SMC insiders, however, were not too bothered by all the criticism. The rationale for such a generous bid was apparently part of a holistic view, given that the Naia Expressway project is strategic to the conglomerate’s consolidation of southern toll road networks. According to our sources, SMC had indeed assumed a much lower internal rate of return from this project—7 percent against 11 to 15 percent for such kinds of projects—but it was deliberately done to win the project at all costs. Apparently, SMC felt it had become too conservative in the bidding war for Daang Hari —which was bagged by the Ayalas—but this time around, the project had to be won at any cost.
The project, which will be completed by 2015, is expected by SMC to deliver an annual cash flow of P1.5 billion. How so? This assumes a daily traffic volume of 103,000 and toll fees of P35 to P40. Also, SMC expects to generate revenues from advertising space in addition to toll road fees. SMC is also looking at the project as a package deal, with the Skyway and South Luzon Expressway generating sufficient traffic and revenues to compensate for the additional 30-year concession.
On the expenditure side, our sources explained that SMC expected the P15-billion construction cost to go down significantly using “value engineering.” At the same time, operation and maintenance cost is seen minimal given synergies from the existing network of southern tollroads.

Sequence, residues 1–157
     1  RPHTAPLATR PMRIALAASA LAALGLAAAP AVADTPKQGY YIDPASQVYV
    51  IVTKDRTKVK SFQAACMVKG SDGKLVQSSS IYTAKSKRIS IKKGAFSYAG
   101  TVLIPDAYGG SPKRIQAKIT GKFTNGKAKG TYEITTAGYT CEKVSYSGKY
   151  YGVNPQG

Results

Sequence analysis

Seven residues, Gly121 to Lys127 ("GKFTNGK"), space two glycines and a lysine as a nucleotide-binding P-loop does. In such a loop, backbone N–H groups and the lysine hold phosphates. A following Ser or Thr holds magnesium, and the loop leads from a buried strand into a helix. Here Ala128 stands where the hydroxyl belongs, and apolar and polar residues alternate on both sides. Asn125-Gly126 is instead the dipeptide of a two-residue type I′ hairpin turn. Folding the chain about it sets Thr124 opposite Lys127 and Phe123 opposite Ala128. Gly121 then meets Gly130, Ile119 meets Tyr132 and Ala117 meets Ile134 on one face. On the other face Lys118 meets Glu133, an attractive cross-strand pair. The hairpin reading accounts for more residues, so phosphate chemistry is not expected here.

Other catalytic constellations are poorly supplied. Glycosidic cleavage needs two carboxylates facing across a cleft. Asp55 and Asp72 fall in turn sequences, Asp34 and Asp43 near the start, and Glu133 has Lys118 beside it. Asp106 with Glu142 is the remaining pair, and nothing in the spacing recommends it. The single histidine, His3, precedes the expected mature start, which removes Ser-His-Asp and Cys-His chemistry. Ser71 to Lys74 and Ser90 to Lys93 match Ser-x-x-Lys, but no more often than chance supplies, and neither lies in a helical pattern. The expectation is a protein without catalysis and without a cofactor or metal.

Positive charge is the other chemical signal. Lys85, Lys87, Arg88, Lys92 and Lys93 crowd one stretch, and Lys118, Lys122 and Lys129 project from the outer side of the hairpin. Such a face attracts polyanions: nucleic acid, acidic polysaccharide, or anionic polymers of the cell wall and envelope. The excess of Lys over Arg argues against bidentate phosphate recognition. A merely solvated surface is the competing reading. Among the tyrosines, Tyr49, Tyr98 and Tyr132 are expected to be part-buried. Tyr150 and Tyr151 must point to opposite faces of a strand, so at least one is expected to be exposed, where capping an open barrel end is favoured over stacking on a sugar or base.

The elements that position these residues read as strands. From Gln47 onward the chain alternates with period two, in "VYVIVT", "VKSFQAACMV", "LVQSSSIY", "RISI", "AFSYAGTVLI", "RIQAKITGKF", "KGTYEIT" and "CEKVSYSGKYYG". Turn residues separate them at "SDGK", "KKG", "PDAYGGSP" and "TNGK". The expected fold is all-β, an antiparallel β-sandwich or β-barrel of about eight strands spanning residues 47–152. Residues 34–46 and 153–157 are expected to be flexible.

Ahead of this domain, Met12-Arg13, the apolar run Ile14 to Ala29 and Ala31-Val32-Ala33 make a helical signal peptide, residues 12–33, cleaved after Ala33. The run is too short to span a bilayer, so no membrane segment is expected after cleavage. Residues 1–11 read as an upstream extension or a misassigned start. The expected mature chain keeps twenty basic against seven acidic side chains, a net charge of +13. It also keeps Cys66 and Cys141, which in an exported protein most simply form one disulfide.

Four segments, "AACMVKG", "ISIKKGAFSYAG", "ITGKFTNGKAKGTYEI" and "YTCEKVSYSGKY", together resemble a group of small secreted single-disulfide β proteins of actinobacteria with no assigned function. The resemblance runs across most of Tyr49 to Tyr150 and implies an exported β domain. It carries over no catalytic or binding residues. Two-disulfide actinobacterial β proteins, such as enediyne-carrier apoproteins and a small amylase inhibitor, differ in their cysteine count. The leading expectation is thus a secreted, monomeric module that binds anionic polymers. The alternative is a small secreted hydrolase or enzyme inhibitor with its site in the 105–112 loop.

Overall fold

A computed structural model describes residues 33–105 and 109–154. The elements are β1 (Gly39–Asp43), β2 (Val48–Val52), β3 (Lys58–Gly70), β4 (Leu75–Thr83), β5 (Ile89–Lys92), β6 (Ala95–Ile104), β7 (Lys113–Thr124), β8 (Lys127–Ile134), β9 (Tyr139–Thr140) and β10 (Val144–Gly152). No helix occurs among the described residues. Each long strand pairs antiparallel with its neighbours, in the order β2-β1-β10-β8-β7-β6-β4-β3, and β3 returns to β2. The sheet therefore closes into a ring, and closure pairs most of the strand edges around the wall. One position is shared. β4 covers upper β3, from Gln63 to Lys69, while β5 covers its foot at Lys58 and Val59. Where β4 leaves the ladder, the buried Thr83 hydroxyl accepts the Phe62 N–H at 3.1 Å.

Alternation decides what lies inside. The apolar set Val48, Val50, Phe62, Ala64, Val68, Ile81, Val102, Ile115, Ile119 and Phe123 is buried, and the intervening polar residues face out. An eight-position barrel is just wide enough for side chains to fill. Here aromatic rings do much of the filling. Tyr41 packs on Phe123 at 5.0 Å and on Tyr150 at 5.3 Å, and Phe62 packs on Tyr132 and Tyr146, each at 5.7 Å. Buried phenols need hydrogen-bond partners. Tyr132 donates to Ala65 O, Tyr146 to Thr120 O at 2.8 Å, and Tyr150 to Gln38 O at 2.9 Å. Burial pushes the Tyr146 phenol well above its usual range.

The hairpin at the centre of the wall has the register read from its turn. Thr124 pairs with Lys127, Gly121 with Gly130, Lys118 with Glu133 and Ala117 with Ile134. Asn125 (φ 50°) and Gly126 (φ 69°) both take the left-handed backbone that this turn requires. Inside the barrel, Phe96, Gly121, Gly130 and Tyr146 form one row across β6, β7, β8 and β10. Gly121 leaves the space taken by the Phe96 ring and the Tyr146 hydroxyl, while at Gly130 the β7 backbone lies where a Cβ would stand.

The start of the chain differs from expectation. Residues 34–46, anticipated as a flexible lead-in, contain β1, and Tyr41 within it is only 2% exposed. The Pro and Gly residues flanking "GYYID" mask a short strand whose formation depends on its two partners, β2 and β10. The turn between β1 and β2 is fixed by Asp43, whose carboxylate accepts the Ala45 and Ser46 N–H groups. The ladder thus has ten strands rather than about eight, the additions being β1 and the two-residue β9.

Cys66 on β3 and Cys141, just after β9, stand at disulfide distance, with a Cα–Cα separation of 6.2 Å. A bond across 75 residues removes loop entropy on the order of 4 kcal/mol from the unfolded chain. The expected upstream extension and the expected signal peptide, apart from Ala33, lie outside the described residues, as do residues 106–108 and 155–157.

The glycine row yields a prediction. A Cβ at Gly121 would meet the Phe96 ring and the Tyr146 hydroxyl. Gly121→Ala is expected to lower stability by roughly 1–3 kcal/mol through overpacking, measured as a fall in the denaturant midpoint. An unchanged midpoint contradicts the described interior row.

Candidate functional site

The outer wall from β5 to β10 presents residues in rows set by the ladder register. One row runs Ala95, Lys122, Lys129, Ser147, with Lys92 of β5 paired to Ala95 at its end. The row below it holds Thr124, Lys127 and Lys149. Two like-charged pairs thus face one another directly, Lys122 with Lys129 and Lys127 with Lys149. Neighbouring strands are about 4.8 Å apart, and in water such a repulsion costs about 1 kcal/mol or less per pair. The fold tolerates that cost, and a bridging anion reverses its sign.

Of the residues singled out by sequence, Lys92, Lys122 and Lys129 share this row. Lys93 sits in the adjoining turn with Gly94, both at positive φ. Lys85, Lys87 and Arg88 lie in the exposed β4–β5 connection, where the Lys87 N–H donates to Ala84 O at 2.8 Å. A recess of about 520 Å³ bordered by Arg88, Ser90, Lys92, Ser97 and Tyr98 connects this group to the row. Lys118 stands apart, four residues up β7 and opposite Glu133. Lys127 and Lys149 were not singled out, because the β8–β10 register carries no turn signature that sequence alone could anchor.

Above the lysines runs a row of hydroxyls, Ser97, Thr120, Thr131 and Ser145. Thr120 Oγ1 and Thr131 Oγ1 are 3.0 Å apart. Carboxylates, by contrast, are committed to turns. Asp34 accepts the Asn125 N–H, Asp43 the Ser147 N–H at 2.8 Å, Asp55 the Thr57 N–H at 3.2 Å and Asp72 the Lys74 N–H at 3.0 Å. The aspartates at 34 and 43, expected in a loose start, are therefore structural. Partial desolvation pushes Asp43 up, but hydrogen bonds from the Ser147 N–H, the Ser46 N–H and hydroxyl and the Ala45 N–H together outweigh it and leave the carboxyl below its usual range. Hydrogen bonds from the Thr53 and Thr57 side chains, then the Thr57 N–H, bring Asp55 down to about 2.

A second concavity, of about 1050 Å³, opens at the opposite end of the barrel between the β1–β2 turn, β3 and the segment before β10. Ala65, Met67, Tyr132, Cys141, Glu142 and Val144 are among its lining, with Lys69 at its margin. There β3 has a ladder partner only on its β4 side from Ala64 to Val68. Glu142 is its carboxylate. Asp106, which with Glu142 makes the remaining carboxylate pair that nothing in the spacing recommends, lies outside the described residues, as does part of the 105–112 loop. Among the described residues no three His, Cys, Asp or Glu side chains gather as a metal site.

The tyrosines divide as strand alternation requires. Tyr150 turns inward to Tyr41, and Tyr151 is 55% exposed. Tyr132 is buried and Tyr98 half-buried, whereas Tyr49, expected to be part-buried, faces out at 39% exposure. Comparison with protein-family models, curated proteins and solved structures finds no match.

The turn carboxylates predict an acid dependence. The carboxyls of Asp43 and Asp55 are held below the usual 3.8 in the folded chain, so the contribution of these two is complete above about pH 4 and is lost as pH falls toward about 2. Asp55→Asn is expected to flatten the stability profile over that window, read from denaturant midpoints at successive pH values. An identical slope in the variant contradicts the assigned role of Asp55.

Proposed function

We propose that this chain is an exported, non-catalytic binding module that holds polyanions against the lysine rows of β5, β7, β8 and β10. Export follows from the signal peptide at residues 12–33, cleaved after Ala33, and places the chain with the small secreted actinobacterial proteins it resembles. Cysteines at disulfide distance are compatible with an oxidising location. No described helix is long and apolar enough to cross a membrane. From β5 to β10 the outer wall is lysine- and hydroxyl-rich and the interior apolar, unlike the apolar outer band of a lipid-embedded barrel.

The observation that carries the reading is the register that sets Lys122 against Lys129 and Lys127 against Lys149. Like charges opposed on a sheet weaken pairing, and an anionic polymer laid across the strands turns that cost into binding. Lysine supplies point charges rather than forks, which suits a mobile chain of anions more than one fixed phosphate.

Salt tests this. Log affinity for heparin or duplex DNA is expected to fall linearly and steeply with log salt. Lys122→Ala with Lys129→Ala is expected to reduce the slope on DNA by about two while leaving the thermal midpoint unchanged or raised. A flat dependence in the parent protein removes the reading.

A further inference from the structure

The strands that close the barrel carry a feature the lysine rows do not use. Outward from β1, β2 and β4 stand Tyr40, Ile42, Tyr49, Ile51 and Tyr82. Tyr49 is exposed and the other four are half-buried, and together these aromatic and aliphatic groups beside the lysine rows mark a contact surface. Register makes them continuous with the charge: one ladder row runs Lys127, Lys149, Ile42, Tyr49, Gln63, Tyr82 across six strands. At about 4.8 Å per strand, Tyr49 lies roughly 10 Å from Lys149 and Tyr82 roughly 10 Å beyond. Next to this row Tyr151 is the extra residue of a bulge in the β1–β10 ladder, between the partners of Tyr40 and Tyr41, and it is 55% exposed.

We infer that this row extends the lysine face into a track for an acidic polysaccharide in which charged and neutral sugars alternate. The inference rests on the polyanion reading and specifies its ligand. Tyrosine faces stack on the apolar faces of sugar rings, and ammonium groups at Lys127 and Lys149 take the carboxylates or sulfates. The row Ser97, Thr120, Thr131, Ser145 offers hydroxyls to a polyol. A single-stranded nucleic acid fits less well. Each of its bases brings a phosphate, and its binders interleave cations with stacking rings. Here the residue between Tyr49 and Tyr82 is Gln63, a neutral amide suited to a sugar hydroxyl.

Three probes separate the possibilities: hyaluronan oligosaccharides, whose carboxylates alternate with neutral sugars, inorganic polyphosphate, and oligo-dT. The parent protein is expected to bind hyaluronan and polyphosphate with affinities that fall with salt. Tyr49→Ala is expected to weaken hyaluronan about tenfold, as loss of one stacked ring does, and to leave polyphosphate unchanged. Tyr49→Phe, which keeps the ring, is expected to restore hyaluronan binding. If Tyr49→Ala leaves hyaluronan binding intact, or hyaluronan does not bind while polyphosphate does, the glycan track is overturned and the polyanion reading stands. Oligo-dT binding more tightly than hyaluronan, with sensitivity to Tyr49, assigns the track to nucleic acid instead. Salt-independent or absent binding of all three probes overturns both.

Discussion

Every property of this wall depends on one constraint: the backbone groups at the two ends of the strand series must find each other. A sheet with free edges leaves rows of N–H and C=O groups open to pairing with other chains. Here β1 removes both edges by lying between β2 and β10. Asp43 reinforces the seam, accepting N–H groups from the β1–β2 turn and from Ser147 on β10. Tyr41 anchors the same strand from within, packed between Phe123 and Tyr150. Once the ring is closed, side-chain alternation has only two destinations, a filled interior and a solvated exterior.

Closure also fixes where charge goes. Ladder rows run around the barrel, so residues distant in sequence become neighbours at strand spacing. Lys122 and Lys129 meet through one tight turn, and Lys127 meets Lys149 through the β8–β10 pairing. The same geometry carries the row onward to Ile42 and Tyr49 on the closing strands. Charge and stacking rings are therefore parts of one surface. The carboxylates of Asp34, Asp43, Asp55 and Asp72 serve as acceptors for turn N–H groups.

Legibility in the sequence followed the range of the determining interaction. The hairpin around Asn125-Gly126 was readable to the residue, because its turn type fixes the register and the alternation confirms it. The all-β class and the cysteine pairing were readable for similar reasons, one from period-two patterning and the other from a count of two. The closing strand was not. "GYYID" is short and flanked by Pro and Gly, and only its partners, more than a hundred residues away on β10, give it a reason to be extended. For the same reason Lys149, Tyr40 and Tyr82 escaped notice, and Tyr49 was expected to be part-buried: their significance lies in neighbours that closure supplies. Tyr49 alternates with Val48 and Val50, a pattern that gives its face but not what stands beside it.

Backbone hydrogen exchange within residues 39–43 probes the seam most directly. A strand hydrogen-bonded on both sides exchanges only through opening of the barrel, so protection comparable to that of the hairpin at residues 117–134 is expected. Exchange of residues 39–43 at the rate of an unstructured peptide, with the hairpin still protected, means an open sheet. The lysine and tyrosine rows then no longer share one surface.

SMC insiders felt that the “burden of proof” was indeed now on the conglomerate, but noted that just like how SMC had bought into Petron Corp. and Manila Electric Co. at bargain prices, the big premium paid for the toll road would be worth it in the long run.—Doris C. Dumlao
An enterprising lawmaker seems especially adamant in trying to derail the Philippine Amusement and Gaming Corp.’s (Pagcor) bidding process for slot machine paper, while Congress is on vacation and right smack in the middle of the campaign season. Well known in media circles, this lawmaker went to town recently questioning Pagcor about its pending tender for P1.8 billion worth of slot machine paper, which attracted two qualified bidders: Perception Gaming and Malaysia’s RGB International.
The media blitz apparently came after the lawmaker’s letters to Pagcor early this year (demanding full access to bid documents and threatening officials with a full congressional inquiry) were ignored mainly because the bidding process was still in progress. In fact, Pagcor gave the green light to proceed with the assessment of bids only last April 15, a few days before the lawmaker came out to oppose it. The million-dollar question is whether the lawmaker is really doing this for the “underprivileged” constituents he is supposed to represent in Congress.